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The Gadidae are a family of marine fish, included in the order Gadiformes, known as the cods, codfishes, or true cods.[2] It contains several commercially important fishes, including the cod, haddock, whiting, and pollock.

Temporal range: Oligocene–recent
Atlantic cod.jpg
Atlantic cod, Gadus morhua
Scientific classification e
Kingdom: Animalia
Phylum: Chordata
Class: Actinopterygii
Order: Gadiformes
Family: Gadidae
Rafinesque, 1810


Most gadid species are found in temperate waters of the Northern Hemisphere, but several range into subtropical, subarctic, and Arctic oceans, and a single (southern blue whiting) is found in the Southern Hemisphere. They are generally medium-sized fish, and are distinguished by the presence of three dorsal fins on the back and two anal fins on the underside. Most species have barbels on their chins, which they use while browsing on the sea floor. Gadids are carnivorous, feeding on smaller fish and crustaceans.[1]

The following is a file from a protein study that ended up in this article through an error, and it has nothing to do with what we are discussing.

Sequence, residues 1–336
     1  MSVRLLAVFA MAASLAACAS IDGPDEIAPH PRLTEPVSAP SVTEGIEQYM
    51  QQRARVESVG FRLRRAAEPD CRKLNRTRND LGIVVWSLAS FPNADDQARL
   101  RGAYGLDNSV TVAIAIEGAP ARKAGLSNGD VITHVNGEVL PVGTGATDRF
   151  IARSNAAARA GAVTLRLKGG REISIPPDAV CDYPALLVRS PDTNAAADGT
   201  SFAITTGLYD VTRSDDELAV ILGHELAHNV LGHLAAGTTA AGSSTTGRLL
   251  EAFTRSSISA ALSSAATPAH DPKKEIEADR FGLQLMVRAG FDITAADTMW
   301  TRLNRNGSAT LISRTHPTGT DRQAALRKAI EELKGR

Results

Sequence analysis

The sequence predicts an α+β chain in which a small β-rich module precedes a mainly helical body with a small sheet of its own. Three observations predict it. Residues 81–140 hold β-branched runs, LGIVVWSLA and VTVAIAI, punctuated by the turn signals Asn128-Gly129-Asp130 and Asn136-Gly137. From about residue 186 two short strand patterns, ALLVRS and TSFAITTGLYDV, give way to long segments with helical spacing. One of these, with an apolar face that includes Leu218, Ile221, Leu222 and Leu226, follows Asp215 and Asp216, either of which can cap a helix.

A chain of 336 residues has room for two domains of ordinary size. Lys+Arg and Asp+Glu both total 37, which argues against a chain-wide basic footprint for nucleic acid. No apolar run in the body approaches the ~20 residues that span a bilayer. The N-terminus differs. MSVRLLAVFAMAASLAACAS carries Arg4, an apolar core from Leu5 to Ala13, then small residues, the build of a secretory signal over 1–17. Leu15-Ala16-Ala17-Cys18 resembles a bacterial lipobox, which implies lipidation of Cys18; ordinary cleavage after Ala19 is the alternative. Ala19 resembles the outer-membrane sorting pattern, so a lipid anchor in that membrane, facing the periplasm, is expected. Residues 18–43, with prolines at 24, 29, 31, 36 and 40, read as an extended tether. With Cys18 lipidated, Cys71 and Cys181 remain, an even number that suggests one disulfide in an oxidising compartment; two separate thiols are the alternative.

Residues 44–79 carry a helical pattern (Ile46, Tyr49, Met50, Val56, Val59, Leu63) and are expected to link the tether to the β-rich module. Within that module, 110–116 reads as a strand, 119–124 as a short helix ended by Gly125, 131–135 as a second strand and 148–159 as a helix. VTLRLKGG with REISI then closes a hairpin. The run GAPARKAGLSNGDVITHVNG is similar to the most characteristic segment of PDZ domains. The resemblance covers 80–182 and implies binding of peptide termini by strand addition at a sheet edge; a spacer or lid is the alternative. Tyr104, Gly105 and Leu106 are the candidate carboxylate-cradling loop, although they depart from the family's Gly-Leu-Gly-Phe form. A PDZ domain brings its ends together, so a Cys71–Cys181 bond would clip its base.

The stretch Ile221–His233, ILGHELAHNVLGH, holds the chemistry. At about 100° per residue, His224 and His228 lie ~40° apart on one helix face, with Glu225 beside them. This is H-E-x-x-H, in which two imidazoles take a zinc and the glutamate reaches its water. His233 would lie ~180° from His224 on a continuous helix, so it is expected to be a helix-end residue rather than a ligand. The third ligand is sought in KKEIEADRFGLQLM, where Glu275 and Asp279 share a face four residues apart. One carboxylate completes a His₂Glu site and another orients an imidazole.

Gadids are highly prolific, producing several million eggs at each spawning. This contributes to their high population numbers, which, in turn, makes commercial fishing relatively easy.[3]

Concepts differ about the contents of the family Gadidae. The system followed by FishBase includes a dozen genera.[1] Alternatively, fishes in the current Lotidae (with burbot, cusk) and Phycidae (hakes) have also been included in the Gadidae, as its subfamilies Lotinae and Phycinae.[2][4]

See alsoEdit


  1. ^ a b c Froese, Rainer, and Daniel Pauly, eds. (2008). "Gadidae" in FishBase. December 2008 version.
  2. ^ a b "Gadidae". Integrated Taxonomic Information System. Retrieved 7 January 2017.
  3. ^ Cohen, Daniel M. (1998). Paxton, J. R.; Eschmeyer, W. N. (eds.). Encyclopedia of Fishes. San Diego: Academic Press. pp. 130–131. ISBN 0-12-547665-5.
  4. ^ Nelson, J. S. 2006. Fishes of the World, 4th edition. Hoboken, NJ: John Wiley & Sons.

External linksEdit

  •   Media related to Gadidae at Wikimedia Commons
  •   Data related to Gadidae at Wikispecies